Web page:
Children who attend schools with more traffic noise have worse memory, study warns 


Noise pollution can affect children’s MEMORY: Kids who attend schools with more traffic show slower cognitive development, study warns

  • Researchers tested 2,680 children from 38 schools across Barcelona
  • Those in schools with high noise pollution had worse memory and attention
  • Findings suggest childhood is a vulnerable period during which external stimuli such as noise can affect the process of cognitive development

It’s a widespread problem at schools in cities around the world, and now a new study has warned that noise pollution can affect children’s memory.

Researchers from the Barcelona Institute for Global Health studied children attending 38 schools in Barcelona.

They found that children at schools with higher traffic noise had slower cognitive development.

‘Our study supports the hypothesis that childhood is a vulnerable period during which external stimuli such as noise can affect the rapid process of cognitive development that takes place before adolescence,’ said Jordi Sunyer, an author of the study. 

It’s a widespread problem at schools in cities around the world, and now a new study has warned that noise pollution can affect children’s memory (stock image)

How much does noise affect cognitive development? 

The study found that a 5 decibel increase in noise levels resulted in:

  • 11.5 per cent slower working memory development
  • 23.5 per cent slower complex working memory development
  • 4.8 per cent slower attention capacity  

In the study, the researchers studied 2,680 children aged 7-10, who attended 38 schools across Barcelona.

To assess the possible impact of traffic noise on cognitive development, the researchers assessed the children’s attention and working memory.

Over a 12-month period, the children completed cognitive tests four times.

Noise measurements were also collected over the same period from the schools’ playgrounds and classrooms.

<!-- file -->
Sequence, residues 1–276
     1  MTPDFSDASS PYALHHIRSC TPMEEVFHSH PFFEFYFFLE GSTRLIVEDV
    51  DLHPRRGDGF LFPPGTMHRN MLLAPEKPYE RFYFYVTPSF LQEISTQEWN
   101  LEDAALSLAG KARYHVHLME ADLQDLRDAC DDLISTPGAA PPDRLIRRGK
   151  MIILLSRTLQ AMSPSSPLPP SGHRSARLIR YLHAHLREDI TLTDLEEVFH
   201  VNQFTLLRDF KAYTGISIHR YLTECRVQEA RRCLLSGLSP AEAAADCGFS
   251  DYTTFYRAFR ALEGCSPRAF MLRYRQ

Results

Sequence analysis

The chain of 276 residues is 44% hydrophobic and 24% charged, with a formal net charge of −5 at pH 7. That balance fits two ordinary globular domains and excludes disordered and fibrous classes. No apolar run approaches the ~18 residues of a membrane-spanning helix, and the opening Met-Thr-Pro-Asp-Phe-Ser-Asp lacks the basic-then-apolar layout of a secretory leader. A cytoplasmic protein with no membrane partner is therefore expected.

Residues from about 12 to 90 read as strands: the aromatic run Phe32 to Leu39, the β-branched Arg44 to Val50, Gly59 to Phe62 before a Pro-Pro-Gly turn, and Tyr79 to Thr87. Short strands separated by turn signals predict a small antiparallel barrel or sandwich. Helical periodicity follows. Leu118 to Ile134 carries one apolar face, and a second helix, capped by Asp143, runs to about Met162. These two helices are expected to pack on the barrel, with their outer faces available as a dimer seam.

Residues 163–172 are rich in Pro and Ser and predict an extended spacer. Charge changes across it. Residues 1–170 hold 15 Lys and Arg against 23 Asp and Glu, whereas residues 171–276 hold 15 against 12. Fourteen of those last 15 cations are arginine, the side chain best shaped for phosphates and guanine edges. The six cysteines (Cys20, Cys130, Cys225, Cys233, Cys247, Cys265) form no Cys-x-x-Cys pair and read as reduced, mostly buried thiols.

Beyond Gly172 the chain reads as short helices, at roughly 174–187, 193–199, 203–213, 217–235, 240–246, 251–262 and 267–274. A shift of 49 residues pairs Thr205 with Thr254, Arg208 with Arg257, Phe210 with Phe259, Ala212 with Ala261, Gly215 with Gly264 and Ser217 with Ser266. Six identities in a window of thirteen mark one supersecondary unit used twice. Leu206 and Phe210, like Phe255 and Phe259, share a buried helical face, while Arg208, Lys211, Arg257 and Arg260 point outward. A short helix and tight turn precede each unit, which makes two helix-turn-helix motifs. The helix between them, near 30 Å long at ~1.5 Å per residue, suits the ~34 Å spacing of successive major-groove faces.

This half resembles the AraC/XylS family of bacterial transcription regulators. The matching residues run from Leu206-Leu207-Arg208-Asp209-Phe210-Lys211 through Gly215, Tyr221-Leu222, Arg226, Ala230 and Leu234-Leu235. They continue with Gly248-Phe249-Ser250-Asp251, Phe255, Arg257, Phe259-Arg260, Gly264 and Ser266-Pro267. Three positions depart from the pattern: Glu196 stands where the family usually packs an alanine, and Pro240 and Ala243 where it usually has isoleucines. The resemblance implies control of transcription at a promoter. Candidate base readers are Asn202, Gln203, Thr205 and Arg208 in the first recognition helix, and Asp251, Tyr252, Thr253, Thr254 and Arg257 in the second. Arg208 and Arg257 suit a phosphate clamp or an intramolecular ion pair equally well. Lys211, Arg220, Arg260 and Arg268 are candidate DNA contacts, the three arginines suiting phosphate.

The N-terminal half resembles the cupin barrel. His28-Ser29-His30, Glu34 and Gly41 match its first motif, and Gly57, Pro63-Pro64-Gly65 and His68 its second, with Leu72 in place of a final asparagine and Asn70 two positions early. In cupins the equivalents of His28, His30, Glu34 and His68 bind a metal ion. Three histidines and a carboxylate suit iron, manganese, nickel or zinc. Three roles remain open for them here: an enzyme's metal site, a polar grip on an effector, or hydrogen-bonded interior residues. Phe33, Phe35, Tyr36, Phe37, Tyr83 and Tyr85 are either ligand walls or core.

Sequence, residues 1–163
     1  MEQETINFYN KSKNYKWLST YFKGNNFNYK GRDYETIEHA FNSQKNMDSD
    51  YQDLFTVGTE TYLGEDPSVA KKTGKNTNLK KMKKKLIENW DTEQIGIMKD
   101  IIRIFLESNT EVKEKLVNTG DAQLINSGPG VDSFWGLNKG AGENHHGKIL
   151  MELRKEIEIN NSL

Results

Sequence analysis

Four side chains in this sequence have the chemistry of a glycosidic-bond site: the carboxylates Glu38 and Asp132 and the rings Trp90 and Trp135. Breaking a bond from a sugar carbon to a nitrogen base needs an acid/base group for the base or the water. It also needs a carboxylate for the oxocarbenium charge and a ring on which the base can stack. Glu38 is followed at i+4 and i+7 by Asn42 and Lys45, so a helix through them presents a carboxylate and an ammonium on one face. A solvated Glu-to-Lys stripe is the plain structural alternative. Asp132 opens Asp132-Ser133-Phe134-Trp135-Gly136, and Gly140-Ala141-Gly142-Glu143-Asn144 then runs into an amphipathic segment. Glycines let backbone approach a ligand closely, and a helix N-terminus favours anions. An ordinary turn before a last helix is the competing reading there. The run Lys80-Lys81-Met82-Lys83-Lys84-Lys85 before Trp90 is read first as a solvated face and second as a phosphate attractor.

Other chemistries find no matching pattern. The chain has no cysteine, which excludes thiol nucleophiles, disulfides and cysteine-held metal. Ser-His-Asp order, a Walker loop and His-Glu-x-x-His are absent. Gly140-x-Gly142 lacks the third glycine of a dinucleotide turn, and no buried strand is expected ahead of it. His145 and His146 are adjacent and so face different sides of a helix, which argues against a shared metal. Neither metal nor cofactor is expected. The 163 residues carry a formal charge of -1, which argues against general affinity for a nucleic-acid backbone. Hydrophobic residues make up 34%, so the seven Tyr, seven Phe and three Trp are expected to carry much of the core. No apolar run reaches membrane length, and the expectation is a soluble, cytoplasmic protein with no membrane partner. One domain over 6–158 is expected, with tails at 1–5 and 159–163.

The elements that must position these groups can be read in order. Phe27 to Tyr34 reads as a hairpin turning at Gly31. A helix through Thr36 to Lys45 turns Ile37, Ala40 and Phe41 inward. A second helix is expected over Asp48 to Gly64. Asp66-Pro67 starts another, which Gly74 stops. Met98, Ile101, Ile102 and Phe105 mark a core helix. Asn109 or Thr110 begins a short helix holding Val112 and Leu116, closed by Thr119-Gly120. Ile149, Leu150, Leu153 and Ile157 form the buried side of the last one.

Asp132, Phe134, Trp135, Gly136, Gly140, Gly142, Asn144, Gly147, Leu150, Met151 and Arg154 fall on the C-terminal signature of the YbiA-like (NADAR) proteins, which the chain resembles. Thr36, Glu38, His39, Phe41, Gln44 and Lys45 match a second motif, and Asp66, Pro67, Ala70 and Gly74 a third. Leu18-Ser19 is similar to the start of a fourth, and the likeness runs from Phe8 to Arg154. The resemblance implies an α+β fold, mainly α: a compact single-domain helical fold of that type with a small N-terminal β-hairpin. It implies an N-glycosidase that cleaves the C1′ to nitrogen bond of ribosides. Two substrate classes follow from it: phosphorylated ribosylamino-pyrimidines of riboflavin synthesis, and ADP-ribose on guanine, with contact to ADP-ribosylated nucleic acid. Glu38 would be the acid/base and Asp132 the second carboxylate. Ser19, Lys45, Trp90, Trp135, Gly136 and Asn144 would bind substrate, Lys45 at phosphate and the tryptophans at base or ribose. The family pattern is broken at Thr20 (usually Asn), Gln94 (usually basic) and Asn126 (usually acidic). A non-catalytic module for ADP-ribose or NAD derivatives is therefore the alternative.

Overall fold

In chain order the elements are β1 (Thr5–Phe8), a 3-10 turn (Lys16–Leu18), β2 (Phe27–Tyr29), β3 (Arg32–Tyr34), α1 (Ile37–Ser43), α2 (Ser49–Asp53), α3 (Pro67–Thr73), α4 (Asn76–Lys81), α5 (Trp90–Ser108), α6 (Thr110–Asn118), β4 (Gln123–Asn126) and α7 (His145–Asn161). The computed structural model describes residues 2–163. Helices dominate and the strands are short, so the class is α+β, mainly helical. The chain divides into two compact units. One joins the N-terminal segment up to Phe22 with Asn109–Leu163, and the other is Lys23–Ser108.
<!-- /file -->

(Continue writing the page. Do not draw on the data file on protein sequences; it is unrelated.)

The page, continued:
An analysis of the results revealed that the progression of working memory and attention was slower in students attending schools with higher levels of traffic noise.

For example, a 5 decibel increase in outdoor noise levels resulted in working memory development that was 11.5 per cent slower than average, and a complex working memory development that was 23.5 per cent slower.

It also resulted in attention capacity development that was 4.8 per cent slower than average.

In the study, the researchers studied 2,680 children aged 7-10, who attended 38 schools across Barcelona

In the study, the researchers studied 2,680 children aged 7-10, who attended 38 schools across Barcelona

In terms of how outdoor and indoor noise compared, the researchers found that children in schools with noisy playgrounds performed worse on all tests.

However, noisy classrooms only appeared to affect the children’s attention, and not their working memory.

‘This finding suggests that noise peaks inside the classroom may be more disruptive to neurodevelopment than average decibel level,’ said Dr Maria Foraster, lead author of the study.

‘This is important because it supports the hypothesis that noise characteristics may be more influential than average noise levels, despite the fact that current policies are based solely on average decibels.’

The researchers also looked at the children’s average noise levels at home, based on a road traffic noise map of Barcelona.

Surprisingly, they found no link between residential noise and cognitive development.

‘This could be because noise exposure at school is more detrimental as it affects vulnerable windows of concentration and learning processes,’ Dr Forester said.

‘On the other hand, although noise measurements were taken at the schools, noise levels at the children’s homes were estimated using a noise map that may be less accurate and, in any case, only reflected outdoor noise. This, too, may have influenced the results.’

While the reason for the findings remains unclear, the researchers hope their findings will spark further studies on road traffic and its effect on children’s cognitive development. 

Children living in areas with high levels of air pollution, noise and traffic are more likely to be OBESE, study suggests

Children living in areas of the country with higher levels of air pollution, noise and traffic are more likely to be obese, researchers claim.

A study of more than 2,000 children in Sabadell, near Barcelona, Spain, explored these key environmental factors and their impact on children’s weight. 

Children aged nine to 12 were examined by experts from the Barcelona Institute for Global Health and the University Institute for Primary Care Research Jordi Gol. 

Forty percent of the children living in the city were overweight or obese at the time of the study, with urban factors including pollution, noise and traffic to blame. 

The authors say that by understanding the mechanism of the relationship between an urban environment and childhood obesity can lead to the development of community-led health provisions to promote healthier behaviours in a city. 

They couldn’t say what caused the link, but suggest it may be air pollution inducing inflammation or oxidative stress, hormone disruption and visceral adiposity. 

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